What would a Depression mean for Australia's universities?

What would a Depression mean for Australia

Even as early as July 2019, headlines about the trajectory of Australia’s economy were painting a gloomy picture of low consumer spending, a tumbling housing market and indicators of a recession.

But while the optics certainly weren’t rosy, few could have expected that the global economy was on the brink of an economic downturn that would put the GFC to shame.

In April, Reserve Bank governor Philip Lowe warned that this year, Australia is likely to experience its biggest contraction in national output since the Great Depression.

"Over the first half of 2020 we are likely to experience the biggest contraction in national output and income that we have witnessed since the 1930s," Lowe said, grimly forecasting that national output is likely to fall by around 10% over the first half of 2020 alone.

While there is no official definition of the term “depression", it is often described as an economic downturn that is more widespread, severe, and long-lasting, than a recession (defined as two consecutive quarters of contracting economic growth).

The impact of such a protracted economic downturn on businesses is obvious – but what about organisations like universities, TAFEs and private colleges?

When The Educator spoke to IBISWorld senior analyst Jason Aravanis last year, he said a recession would have a mixed impact the higher education sector.

Aravanis said there would be benefits from higher enrolments by people unable to find a job but also pointed out that Australian universities could have a hard time if major foreign economies were in serious economic trouble.

In the past two months, that scenario has transformed into a concrete reality. 

‘The impact will be significant’

The Educator recently spoke to James Caldwell, senior industry analyst at IBISWorld, about what a pandemic-induced recession – or possible Depression – means for Australia’s higher education sector in 2020.

“Traditionally, we have viewed this sector as counter-cyclical. Growth in unemployment generally encourages Australian’s to enrol in universities to make themselves more attractive on the labour market,” Caldwell told The Educator.

However, he said that while this is still expected to be the case over the course of the recovery, it is not expected to be enough to outweigh the expected decline in international student enrolments.

“Over the past decade the Australian higher education sector, particularly universities, have become very reliant on international students, arguably over reliant,” he said.

“The share of international students at Australian universities vastly outstrips the share we see in other western economies”.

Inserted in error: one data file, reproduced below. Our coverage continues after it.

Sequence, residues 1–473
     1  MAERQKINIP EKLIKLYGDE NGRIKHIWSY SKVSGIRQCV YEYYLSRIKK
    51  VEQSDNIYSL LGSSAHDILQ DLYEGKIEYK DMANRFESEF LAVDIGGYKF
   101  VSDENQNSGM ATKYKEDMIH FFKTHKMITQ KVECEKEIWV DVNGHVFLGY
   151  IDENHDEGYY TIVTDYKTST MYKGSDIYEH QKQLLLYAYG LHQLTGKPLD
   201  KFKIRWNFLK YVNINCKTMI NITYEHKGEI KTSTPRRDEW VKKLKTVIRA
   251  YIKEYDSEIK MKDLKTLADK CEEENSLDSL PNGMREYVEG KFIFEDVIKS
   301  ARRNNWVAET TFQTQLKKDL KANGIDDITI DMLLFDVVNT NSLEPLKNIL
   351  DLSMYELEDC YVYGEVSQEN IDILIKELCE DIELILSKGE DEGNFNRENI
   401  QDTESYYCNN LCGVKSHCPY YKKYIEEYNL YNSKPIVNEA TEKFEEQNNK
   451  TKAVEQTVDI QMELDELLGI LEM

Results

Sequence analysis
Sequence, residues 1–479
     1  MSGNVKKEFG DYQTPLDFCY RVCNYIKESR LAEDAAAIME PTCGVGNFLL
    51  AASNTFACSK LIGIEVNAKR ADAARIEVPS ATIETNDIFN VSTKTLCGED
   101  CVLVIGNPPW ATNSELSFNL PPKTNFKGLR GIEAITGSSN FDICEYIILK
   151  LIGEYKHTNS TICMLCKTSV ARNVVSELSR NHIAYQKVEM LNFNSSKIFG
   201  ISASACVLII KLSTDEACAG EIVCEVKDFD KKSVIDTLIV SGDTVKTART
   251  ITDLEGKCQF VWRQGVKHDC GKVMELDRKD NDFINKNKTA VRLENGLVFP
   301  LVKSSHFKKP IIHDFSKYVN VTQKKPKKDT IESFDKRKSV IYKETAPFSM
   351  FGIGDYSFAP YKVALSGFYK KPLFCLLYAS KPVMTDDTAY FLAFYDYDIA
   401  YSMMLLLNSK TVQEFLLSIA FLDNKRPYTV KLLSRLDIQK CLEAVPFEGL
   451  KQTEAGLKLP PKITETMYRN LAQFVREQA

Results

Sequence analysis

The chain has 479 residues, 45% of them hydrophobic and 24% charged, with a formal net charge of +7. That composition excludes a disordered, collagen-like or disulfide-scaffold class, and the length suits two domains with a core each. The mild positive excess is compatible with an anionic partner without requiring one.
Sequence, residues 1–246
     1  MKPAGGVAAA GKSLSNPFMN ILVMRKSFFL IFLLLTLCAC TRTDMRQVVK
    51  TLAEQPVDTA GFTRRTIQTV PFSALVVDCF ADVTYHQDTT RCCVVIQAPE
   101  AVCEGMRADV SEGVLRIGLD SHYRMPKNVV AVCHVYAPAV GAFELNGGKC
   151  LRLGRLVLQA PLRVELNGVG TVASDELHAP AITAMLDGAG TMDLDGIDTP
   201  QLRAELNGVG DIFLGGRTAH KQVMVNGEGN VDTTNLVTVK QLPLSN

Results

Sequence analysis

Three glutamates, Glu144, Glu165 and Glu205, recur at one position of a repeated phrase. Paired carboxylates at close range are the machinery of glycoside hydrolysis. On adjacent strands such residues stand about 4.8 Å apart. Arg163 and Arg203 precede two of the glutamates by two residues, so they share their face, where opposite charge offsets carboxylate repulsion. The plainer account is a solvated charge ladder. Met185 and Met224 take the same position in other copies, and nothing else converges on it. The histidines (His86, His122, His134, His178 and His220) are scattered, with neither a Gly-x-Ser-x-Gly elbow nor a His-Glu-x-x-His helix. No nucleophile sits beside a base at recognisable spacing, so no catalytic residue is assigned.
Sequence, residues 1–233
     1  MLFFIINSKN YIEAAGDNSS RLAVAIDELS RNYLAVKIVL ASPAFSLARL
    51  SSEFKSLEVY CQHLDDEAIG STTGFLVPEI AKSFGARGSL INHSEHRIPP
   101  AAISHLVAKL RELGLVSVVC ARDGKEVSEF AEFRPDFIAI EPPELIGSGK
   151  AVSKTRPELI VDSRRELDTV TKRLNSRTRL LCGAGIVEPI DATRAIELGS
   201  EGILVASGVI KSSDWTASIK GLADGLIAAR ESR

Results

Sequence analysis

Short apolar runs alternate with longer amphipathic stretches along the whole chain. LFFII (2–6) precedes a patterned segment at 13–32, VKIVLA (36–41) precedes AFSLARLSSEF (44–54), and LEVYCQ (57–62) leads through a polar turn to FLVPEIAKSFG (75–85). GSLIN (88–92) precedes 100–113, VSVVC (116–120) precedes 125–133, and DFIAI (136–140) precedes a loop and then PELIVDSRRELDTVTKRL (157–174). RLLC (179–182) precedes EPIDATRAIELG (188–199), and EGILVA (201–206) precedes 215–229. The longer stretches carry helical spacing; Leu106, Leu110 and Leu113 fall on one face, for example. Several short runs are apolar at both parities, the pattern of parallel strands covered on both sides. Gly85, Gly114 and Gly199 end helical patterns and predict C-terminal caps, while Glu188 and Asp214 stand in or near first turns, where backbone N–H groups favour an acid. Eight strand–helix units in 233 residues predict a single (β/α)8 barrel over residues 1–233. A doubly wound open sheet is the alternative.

Consequently, Caldwell expects the sector to be “significantly affected”.

“We would predict that the sector will be experiencing a substantial drop in revenue, and job losses”.

So, how can universities make up for such a massive loss in revenue? According o Caldwell, the easing of COVID-19 restrictions won’t necessarily see international students begin flowing back into our universities.

In fact, Caldwell said that even in the event of borders reopening imminently, the expected global recession is expected to reduce demand from international students.

“For example, a recession in China is likely to reduce the ability of Chinese parents to afford send their children overseas for education,” he explained.

“Additionally, a large number of international students rely on work while in Australia to afford fees and living expenses. The anticipated rise in unemployment is expected to lead to an increasingly competitive labour market”.

Consequently, says Caldwell, these international students are expected to think twice about enrolling.

What about a Depression?

As the severity of the economic downturn become more apparent, some media outlets have used the term ‘Depression’ to describe the direction in which the economy may be heading.

The Educator asked Caldwell what the prospects of survival for higher education providers would be if this is the case.

“Very few. One option is to offer more courses online. Online courses are generally more cost effective for universities, as more students can be reached with fewer staff,” he said.

“However, while online courses are expected to be increasingly offered to international students, this is a very competitive market, and is only likely to benefit Australia’s most prestigious institutions”.

Caldwell pointed to the fact that universities around the world compete for international students and said one reason Australia has done so well in this area is its relatively lax visa system for international students.

“The industry is going to be heavily dependent on government bailouts, although the level of any government bailout is expected to be limited to what is required to ensure domestic students are still catered for,” he said.

“It is highly unlikely the industry will recover over the short term”.

However, Caldwell added that the government would be unlikely to allow any of Australia’s universities to fold due to their value to the economy, largely in training the population.

“That said, the scale of any bailout is not going to be sufficient to cover the losses of international students, which is likely to result in substantial job losses as the universities change their focus to domestic students”.